Washington: Three-dimensional imaging has shown that the eruption of Alaska’s Redoubt Volcano last year, created a new type of lightning, in the form of small, quick sparks.
“We long suspected that the first eruption might be different - and it was,” University of Alaska volcano seismologist Stephen McNutt said.
By monitoring seismic data, researchers were able to get a jump on Redoubt and set up lightning detectors in the area two months before the volcano blew.
Three-dimensional pictures produced from the arrays showed - for the first time - tiny sparks of lighting lasting just a millisecond or two inside the volcano`s ash plume at the start of the eruption.
The team also mapped two other types of previously documented, though poorly understood, volcanic lighting: large bolts, stretching for several miles, which are similar to what is produced during thunderstorms; and intermediate-sized bolts up to about two miles in length that blast out of volcanic vents.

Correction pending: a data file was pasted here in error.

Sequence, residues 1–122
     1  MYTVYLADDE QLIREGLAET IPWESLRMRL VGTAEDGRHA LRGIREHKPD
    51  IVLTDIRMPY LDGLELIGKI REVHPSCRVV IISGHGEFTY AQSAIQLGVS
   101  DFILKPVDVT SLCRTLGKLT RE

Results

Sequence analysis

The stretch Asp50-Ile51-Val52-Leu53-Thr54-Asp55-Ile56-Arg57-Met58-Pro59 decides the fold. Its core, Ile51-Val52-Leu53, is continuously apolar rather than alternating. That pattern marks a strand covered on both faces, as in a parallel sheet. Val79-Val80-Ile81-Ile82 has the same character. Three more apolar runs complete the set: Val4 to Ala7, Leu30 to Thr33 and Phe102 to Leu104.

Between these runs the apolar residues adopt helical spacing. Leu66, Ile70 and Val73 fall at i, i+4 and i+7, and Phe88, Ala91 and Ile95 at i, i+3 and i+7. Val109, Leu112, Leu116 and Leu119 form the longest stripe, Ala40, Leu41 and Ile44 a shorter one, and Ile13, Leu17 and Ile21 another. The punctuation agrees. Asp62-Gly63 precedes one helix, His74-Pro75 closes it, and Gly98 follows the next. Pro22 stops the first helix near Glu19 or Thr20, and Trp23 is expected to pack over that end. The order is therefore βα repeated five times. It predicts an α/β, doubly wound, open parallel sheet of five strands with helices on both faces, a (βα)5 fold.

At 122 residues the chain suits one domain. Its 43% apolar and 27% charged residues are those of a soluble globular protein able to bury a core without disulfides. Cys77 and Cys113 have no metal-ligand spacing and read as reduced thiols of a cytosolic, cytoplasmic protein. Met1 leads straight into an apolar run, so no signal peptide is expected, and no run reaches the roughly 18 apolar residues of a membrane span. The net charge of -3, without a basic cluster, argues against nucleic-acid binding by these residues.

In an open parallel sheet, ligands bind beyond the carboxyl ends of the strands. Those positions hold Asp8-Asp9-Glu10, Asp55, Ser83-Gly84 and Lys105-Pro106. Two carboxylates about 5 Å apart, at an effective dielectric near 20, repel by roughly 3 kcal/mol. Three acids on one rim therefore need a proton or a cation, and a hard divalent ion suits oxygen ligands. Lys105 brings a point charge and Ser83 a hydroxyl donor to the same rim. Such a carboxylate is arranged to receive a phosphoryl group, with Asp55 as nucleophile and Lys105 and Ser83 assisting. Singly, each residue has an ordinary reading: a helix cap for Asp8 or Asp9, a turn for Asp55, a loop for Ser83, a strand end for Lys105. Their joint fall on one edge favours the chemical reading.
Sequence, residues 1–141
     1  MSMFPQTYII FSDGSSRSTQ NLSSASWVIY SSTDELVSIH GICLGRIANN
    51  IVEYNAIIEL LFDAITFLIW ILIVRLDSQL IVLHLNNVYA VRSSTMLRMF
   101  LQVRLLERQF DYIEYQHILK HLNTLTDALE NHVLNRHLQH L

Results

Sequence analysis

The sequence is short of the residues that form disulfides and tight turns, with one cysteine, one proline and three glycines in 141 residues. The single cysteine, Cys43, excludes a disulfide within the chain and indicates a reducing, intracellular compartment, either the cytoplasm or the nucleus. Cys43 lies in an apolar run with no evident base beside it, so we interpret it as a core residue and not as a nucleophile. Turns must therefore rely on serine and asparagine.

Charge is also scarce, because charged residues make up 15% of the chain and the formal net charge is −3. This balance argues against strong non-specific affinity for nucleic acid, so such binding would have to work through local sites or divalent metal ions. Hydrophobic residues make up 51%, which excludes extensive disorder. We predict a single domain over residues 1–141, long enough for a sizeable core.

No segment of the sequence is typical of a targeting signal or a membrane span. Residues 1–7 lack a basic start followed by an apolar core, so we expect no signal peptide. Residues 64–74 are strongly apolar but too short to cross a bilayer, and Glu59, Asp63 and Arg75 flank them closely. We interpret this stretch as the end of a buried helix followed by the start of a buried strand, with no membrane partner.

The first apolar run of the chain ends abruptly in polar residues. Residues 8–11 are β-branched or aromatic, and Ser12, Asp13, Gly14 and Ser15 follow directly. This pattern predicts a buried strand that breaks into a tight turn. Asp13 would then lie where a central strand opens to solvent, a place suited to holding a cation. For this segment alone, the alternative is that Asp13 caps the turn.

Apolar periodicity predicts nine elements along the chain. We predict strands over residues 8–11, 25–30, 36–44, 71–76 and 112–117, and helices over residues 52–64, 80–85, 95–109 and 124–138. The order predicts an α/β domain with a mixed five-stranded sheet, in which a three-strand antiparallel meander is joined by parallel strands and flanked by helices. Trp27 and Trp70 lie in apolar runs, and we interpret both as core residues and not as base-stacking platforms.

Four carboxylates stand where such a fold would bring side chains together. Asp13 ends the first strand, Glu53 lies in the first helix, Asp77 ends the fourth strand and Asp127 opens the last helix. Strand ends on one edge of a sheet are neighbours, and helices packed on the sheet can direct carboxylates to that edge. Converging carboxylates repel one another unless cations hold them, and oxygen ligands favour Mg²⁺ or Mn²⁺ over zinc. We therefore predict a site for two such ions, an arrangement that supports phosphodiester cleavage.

Scientists don’t know why some volcanoes spark huge lightning displays, while others have none.
However, they did notice a relationship between the amount of lightning from a volcano and the size of its plume.
Redoubt had a series of more than 20 eruptions over 13 days last March, all of which were accompanied by lighting flashes.
“In general, the higher the plume went, the more lightning we got,” said Ronald Thomas, a physicist and electrical engineer at the New Mexico Institute of Mining and Technology.
The physics of what’s happening are still to be determined, but scientists are hopeful the research will lead to new ways to monitor and assess volcanic eruptions.
The research team hopes to follow up the Redoubt Volcano studies by mapping lighting at other erupting volcanoes.